If your dog is presenting “allergy” symptoms and is allergy tested before being checked for infections, there a risk that the allergy test itself could worsen your dog’s condition. When performing an intradermal allergy test, the various substances being tested as allergens are injected underneath the skin to see if their immune system will create a response in the form of swelling, redness or a rash around the injection area. 

This puts pressure on the immune system to react to the foreign substances, and if your dog already has an underlying infection, this added pressure might overwhelm the immune system and make current infection symptoms worse. While there are many reasons why it is a good idea to screen for skin infections before allergy testing, there are also good reasons to regularly screen for skin infections even after allergies have been diagnosed as the cause of symptoms. 

Routine Testing for Skin Infections Can Help Allergy Treatment

Let's say your dog has been allergy tested, diagnosed with an allergy to pollen, and did not previously present with a skin infection. Unfortunately, this does not mean a skin infection will not develop in the future. In fact, dogs that are suffering from allergy symptoms or are being treated for allergies are more likely to develop skin infections. 

One of the main reasons for this is that some allergy treatments may attempt to adjust your dog’s immune system to the allergen by injecting it in low doses as a vaccine. These immunotherapy treatments can cause milder forms of the same allergy symptoms and result in itchy skin. 

When dogs are itchy either from allergic reactions or immunotherapy for allergies, they can scratch so much that they produce small breaks in the skin. Different infectious agents on the skin can then readily infect the area and produce infections like Pyoderma or a Staph infection alongside the existing allergies.

An immune system weakened from allergy tests or immunotherapy allergy treatment might be unable to defend effectively against a co-existing skin infection. This is a top reason for recurrent infections in dogs with allergies. Routine infection testing combined with a course of antibiotics targeting the infection can help eliminate the infection where the immune system alone could not succeed. 


Risk Factors for Skin Infections

To help understand if your dog might be at risk for skin infections, here are some common skin infection risk factors that you can be on the lookout for: 

Dog Skin Infection Risk Factors:

  • Excessive scratching

  • Warm, moist environments (i.e. wet fur after swimming)

  • Wrinkly skin (often breed dependent)

  • Being overweight (causes folds in the skin)

  • Short-haired dogs (easier access of irritants to the skin)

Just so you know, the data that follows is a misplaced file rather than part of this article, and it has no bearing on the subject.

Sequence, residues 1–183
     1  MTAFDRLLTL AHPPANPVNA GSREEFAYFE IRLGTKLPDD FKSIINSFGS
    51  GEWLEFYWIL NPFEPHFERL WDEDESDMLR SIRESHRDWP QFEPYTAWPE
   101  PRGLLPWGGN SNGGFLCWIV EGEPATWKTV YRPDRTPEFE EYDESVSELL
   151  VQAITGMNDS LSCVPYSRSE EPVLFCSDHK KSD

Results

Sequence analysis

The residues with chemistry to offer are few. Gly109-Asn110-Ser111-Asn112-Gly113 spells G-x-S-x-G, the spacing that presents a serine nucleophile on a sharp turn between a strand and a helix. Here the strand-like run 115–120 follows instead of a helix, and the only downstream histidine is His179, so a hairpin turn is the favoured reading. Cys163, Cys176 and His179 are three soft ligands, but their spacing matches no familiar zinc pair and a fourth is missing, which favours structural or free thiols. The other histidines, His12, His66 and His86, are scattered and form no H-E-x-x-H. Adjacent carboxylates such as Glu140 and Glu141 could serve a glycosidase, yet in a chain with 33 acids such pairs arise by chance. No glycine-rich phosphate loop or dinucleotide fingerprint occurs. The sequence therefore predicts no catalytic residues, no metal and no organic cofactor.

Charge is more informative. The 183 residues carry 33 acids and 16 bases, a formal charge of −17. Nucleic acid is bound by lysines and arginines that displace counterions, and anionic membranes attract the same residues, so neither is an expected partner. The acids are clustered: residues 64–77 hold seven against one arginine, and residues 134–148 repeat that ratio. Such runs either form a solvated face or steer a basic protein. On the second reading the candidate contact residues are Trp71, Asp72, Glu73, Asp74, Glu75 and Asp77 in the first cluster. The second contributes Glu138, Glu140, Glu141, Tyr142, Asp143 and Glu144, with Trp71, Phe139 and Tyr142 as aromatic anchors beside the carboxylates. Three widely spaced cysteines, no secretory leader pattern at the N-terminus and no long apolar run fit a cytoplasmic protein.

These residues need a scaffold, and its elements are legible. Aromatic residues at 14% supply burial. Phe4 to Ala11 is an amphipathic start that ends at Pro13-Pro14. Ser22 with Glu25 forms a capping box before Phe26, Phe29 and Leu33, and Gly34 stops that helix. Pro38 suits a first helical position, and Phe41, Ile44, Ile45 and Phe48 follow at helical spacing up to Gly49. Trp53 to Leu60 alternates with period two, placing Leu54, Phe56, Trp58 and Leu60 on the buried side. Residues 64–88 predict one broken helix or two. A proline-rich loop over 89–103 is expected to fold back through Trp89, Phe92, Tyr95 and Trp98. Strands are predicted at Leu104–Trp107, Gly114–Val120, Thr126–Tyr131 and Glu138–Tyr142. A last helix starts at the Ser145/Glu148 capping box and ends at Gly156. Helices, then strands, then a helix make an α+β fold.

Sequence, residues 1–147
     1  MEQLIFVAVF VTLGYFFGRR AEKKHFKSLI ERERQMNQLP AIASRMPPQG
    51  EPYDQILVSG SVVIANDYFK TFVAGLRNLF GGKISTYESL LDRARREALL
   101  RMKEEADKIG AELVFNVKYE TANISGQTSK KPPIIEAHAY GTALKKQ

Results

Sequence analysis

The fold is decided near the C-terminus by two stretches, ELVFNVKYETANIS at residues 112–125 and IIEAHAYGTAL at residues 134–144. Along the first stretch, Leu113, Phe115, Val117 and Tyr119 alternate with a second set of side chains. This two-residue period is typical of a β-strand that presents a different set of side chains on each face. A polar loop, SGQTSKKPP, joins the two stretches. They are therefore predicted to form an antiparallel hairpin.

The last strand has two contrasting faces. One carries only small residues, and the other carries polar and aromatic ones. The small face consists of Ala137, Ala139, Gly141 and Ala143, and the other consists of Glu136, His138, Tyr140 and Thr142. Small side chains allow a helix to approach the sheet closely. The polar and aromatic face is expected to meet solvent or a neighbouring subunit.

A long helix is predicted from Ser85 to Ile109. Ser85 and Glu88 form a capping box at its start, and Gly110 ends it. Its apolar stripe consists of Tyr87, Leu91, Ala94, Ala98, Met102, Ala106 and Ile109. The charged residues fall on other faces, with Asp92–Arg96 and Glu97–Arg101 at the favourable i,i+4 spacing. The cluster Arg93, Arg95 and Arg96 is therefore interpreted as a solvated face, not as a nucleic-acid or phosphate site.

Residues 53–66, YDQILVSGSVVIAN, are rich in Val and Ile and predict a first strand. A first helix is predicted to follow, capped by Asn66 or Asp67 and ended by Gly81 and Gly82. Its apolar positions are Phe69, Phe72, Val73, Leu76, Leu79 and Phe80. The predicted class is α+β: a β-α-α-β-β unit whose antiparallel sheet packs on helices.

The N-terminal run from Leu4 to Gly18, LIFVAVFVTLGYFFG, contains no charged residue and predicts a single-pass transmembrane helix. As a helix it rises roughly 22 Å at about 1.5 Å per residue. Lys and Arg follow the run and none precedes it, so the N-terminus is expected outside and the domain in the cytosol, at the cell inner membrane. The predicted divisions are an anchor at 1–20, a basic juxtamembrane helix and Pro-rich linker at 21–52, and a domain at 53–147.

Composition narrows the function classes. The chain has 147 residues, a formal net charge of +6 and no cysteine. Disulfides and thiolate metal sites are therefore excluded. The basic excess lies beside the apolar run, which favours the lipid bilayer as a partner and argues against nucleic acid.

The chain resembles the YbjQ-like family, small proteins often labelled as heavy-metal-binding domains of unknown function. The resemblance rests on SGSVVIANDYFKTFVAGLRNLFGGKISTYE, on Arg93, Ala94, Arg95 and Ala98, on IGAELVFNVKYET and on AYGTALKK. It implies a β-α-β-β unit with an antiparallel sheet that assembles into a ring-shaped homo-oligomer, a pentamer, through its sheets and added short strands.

An overweight dog with skin folds.

Ask Your Vet for This Test if You Suspect Allergies

Getting a skin infection test is a good preliminary measure before getting an allergy test, but not all skin infection tests are created equal. If your dog is experiencing allergy symptoms and you request a skin swab, you are most likely to have the swab analyzed by a cell culture growth test. This test typically takes 2-3 days, but depending on the type of bacteria can take up to 5 days to display results. Some fungal pathogens can even take up to weeks to grow. Additionally, research has shown that traditional culture tests can display only 1% of all the pathogens that are in the affected region.[4]

To help combat this problem, scientists at MiDOG LLC have developed a new type of test that uses Next-Gen Sequencing to provide an accurate picture of all the different pathogens infecting the area. In addition to being much more accurate than culture tests, the MiDOG test can even give information on whether the pathogens causing the infection are antibiotic-resistant! The test still uses the same quick and painless swab but can extract much more information. 

For owners who want to ensure that their pet is best-taken care of, ask your vet if they offer the MiDOG test, or have it sent to your vet prior to your next visit. Allergy diagnoses can be complicated but ensuring that a good skin test narrows down the possibilities and helps monitor treatment can give your dog the best, most pain-free treatment available. 



References: 

[1]: Bond, R., et al. “Survey of Flea Infestation in Dogs and Cats in the United Kingdom during 2005.” Veterinary Record, vol. 160, no. 15, 2007, pp. 503–506., doi:10.1136/vr.160.15.503.

[2]: Hillier, Andrew, and Craig E Griffin. “The ACVD Task Force on Canine Atopic Dermatitis (I): Incidence and Prevalence.” Veterinary Immunology and Immunopathology, vol. 81, no. 3-4, 2001, pp. 147–151., doi:10.1016/s0165-2427(01)00296-3.

[3]: Olivry, Thierry, and Ralf S. Mueller. “Critically Appraised Topic on Adverse Food Reactions of Companion Animals (3): Prevalence of Cutaneous Adverse Food Reactions in Dogs and Cats.” BMC Veterinary Research, vol. 13, no. 1, 2016, doi:10.1186/s12917-017-0973-z.

[4]: Barcina, Isabel, and Inés Arana. “The Viable but Nonculturable Phenotype: a Crossroads in the Life-Cycle of Non-Differentiating Bacteria?” Reviews in Environmental Science and Bio/Technology, vol. 8, no. 3, 2009, pp. 245–255., doi:10.1007/s11157-009-9159-x.